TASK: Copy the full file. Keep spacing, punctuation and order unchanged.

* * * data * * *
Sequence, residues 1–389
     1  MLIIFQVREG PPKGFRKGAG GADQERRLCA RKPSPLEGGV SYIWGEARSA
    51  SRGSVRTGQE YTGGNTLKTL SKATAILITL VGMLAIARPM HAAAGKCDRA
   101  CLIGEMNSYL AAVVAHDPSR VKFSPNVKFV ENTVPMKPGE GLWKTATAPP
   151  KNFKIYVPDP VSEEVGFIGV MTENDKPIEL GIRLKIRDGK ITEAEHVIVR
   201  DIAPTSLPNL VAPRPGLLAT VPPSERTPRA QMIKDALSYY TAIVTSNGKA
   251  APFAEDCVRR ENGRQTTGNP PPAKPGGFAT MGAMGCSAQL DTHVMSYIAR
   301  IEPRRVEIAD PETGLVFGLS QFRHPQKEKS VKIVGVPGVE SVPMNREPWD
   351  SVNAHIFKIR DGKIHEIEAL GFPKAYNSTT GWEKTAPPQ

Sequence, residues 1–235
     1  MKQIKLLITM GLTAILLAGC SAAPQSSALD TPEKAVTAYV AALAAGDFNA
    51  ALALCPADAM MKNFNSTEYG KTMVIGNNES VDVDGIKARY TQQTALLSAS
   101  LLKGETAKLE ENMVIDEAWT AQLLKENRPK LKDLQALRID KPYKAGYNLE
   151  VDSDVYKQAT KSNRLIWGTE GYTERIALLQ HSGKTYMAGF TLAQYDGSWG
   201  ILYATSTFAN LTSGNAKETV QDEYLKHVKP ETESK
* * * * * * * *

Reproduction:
Sequence, residues 1–389
     1  MLIIFQVREG PPKGFRKGAG GADQERRLCA RKPSPLEGGV SYIWGEARSA
    51  SRGSVRTGQE YTGGNTLKTL SKATAILITL VGMLAIARPM HAAAGKCDRA
   101  CLIGEMNSYL AAVVAHDPSR VKFSPNVKFV ENTVPMKPGE GLWKTATAPP
   151  KNFKIYVPDP VSEEVGFIGV MTENDKPIEL GIRLKIRDGK ITEAEHVIVR
   201  DIAPTSLPNL VAPRPGLLAT VPPSERTPRA QMIKDALSYY TAIVTSNGKA
   251  APFAEDCVRR ENGRQTTGNP PPAKPGGFAT MGAMGCSAQL DTHVMSYIAR
   301  IEPRRVEIAD PETGLVFGLS QFRHPQKEKS VKIVGVPGVE SVPMNREPWD
   351  SVNAHIFKIR DGKIHEIEAL GFPKAYNSTT GWEKTAPPQ

Sequence, residues 1–235
     1  MKQIKLLITM GLTAILLAGC SAAPQSSALD TPEKAVTAYV AALAAGDFNA
    51  ALALCPADAM MKNFNSTEYG KTMVIGNNES VDVDGIKARY TQQTALLSAS
   101  LLKGETAKLE ENMVIDEAWT AQLLKENRPK LKDLQALRID KPYKAGYNLE
   151  VDSDVYKQAT KSNRLIWGTE GYTERIALLQ HSGKTYMAGF TLAQYDGSWG
   201  ILYATSTFAN LTSGNAKETV QDEYLKHVKP ETESK